Starting in July, it’ll be available in two screen sizes, 10.5″ and 8.4″, which will start at the same prices as the 9.7″ iPad Air and 7.9″ iPad Mini With Retina Display–$499 and $399, respectively. That’s with Wi-Fi; versions which also pack LTE wireless broadband will arrive at a later date.

Samsung Galaxy Tab S

The 10.5″ Samsung Galaxy Tab S

From an industrial-design standpoint, both Galaxy Tab S models have the same bedimpled plastic back as the the Galaxy S5 phone, in two color choices: white or bronze. By almost anybody’s standards, that isn’t as classy as the iPad’s aluminum chassis. But these new Samsungs are pleasing tablets to hold and use: They weigh about the same as their iPad equivalents even though they have bigger screens, which makes them among the lightest tablets on the market. And at about .29″ thick, they’re even thinner than iPads.

The Galaxy Tab S’s most notable feature–and its most striking selling point compared to the iPad–is its display. Instead of an LCD, both versions of the tablet sport Super AMOLED screens, a familiar technology on phones such as the Galaxy S5 but a rarity on tablets. The resolution is 2560-by-1600 at an aspect ratio of 16:9; these are the highest-resolution, largest-screen AMOLED tablets to date.

Samsung spent much of its presentation going over the virtues of Super AMOLED as the company has implemented it: vivid colors; a broader color gamut than LCD, resulting in greater color accuracy; better legibility in sunlight; and adaptive technology which dynamically tweaks the image for the lighting environment and for text, still images, photos, and other content types, even if more than one of them is on screen at a time.

I got to spend some up-close time with Galaxy Tab S units after the presentation, and the screen did look awfully good; as usual with Super AMOLED, the colors were so rich that if anything, I worried about the possibility of them being unrealistically intense. But it’s not tough at all to imagine someone comparing the Galaxy Tab S screens to those on the current iPads and preferring Samsung.

Both Galaxy Tab S models have one other significant hardware feature not available in any current iPad: a home button which doubles as a fingerprint scanner. Among other things, they use it to unlock privacy and multiuser modes which Samsung has added to Android’s stock functionality. I hope it works better than the scanner on the Galaxy S5, which is nowhere near as elegant as the iPhone 5s’s TouchID.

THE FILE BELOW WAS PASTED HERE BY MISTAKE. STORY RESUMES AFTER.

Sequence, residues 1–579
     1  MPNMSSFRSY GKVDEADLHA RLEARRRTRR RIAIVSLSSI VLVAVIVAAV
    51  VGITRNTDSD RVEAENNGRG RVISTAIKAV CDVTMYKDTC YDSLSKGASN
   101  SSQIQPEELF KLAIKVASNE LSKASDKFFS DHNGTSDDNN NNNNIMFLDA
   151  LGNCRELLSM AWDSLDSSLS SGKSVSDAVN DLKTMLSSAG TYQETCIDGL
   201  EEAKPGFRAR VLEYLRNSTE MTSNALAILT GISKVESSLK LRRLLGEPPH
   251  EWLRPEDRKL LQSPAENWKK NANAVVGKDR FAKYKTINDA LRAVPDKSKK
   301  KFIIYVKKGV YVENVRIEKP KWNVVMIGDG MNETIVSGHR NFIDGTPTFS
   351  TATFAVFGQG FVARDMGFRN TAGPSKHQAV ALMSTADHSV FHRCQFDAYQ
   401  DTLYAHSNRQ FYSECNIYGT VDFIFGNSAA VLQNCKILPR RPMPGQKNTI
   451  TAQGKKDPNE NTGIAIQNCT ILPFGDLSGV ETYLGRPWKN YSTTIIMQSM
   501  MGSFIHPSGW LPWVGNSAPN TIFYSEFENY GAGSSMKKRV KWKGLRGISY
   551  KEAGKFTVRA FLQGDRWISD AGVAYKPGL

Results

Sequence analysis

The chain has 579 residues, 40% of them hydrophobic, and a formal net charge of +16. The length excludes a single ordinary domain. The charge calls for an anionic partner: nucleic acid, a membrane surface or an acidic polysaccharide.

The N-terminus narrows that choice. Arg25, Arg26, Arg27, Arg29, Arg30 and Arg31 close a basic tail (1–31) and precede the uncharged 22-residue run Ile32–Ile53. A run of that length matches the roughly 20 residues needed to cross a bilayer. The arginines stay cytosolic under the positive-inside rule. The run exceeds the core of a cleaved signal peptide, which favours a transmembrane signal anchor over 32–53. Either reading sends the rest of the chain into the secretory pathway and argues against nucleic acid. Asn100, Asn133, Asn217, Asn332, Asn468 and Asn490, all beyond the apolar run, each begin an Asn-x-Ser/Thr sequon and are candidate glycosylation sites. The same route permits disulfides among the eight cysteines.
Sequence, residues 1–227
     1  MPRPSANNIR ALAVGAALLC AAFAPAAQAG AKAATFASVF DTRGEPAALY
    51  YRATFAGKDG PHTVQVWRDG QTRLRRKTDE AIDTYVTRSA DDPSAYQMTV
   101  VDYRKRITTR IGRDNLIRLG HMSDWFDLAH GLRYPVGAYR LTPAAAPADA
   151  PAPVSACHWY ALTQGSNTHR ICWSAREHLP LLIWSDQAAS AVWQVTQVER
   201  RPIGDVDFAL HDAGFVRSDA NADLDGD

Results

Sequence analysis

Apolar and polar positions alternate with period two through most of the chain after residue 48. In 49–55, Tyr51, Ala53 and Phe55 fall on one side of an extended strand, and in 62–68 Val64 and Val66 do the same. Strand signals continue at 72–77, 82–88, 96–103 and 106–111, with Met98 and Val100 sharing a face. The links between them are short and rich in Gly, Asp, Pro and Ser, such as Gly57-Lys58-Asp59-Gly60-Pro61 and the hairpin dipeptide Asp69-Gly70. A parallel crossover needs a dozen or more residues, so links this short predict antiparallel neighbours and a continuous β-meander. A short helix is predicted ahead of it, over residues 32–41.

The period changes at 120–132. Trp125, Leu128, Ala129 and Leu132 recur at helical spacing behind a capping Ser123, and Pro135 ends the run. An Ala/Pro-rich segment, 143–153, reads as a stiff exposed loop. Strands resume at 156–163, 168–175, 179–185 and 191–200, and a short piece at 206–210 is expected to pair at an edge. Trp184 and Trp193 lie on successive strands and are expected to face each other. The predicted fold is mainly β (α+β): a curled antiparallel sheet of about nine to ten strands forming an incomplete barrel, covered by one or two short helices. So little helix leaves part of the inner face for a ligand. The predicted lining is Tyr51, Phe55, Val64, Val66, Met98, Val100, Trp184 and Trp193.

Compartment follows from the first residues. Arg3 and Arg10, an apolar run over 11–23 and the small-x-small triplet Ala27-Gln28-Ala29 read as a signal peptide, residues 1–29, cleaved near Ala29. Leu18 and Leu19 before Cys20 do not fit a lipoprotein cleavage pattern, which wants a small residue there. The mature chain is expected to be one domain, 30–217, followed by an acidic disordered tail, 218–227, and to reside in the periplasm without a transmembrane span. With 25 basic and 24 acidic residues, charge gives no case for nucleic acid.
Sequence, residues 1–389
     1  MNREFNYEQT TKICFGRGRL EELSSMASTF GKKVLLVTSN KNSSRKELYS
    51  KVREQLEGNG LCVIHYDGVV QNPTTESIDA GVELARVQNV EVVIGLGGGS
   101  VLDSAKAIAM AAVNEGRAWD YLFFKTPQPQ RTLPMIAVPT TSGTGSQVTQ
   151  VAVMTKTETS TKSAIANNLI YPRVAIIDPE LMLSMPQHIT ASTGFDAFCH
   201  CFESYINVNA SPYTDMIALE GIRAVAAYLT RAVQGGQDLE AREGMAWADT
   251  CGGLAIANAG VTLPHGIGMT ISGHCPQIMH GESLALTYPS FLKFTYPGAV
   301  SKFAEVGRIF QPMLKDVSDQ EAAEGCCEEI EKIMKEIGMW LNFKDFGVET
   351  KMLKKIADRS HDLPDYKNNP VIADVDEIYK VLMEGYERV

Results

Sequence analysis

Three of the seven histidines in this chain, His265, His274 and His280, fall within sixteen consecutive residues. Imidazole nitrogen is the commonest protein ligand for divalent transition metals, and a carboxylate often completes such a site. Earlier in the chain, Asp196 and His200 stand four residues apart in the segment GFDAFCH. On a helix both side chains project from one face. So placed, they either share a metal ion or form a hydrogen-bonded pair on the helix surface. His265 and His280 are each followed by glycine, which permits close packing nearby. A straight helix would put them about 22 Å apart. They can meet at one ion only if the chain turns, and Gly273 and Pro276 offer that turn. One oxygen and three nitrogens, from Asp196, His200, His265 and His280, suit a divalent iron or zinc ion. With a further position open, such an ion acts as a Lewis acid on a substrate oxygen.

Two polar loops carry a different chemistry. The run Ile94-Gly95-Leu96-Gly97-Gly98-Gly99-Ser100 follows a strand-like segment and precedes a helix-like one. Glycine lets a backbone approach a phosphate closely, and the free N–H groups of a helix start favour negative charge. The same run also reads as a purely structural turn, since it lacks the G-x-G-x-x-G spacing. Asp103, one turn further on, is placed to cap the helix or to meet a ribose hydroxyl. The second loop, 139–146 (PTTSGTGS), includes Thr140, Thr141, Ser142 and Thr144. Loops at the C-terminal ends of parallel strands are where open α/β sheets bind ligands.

Neither Galaxy Tab S is an iPad-slaughtering Great Leap Forward, but they’re both really nice pieces of hardware. Which brings up the aspect of these tablets which Samsung has the least control over: software and services.

As usual, the company hasn’t been shy about reworking aspects of Android and slathering on its own features. The Tab S models can display two apps on screen at once. Scratching the same general itch as the Continuity features which Apple announced last week at WWDC, they have SideSync 3.0, which lets you use Wi-Fi to project a Galaxy S5′s screen onto the tablet’s display, make and receive calls, and transfer files back and forth; and a similar feature for tablet-PC integration called Remote PC.

Samsung also isn’t satisfied to offer Google’s content stores on its tablets and leave it at that. It has its own music service, Milk, which is powered by Slacker. And it’s introducing Pagegarden, a magazine store which offers interactive titles from publishers such as Conde Nast and National Geographic, customized for the Galaxy Tab S display.

Modifications and additions such as these are dangerous; even if they’re useful, as some of Samsung’s tweaks appear to be, they introduce the risk of bloat and inconsistency. But the thing is, no matter how capably Samsung customizes Android, it can’t do anything about the most glaring weak spot of any competent Android tablet: the paucity of third-party apps designed to work well on a tablet.

I happen to think that iOS has won the mobile app wars, but the selection of apps for Android smartphones, even if it’s in second place, is more than good enough. That’s not true for tablets: More than three years after Google first got serious about tablets with Android 3.0 Honeycomb, it’s not even in the league next door to the league inhabited by the iPad, which now has more than a half-million apps designed especially for it.

Samsung, of course, would never concede that. Still, I got the sense that the company understands it’s an issue. Its presentation on Thursday night emphasized that web browsing has long been the most popular tablet application, but that video has surged into a virtual tie for first place. For browsing the web and watching videos, both Galaxy Tab S models do look like they’d be outstanding.

But because of its massive third-party app advantage, the iPad retains a formidable advantage as an overall experience, over the Galaxy Tab S and every other Android model.

There’s never been any evidence that Google sees this situation as a crisis which demands an ambitious, ongoing response on its part. Too bad for Samsung; too bad for Android fans; too bad for the general state of tablet competition.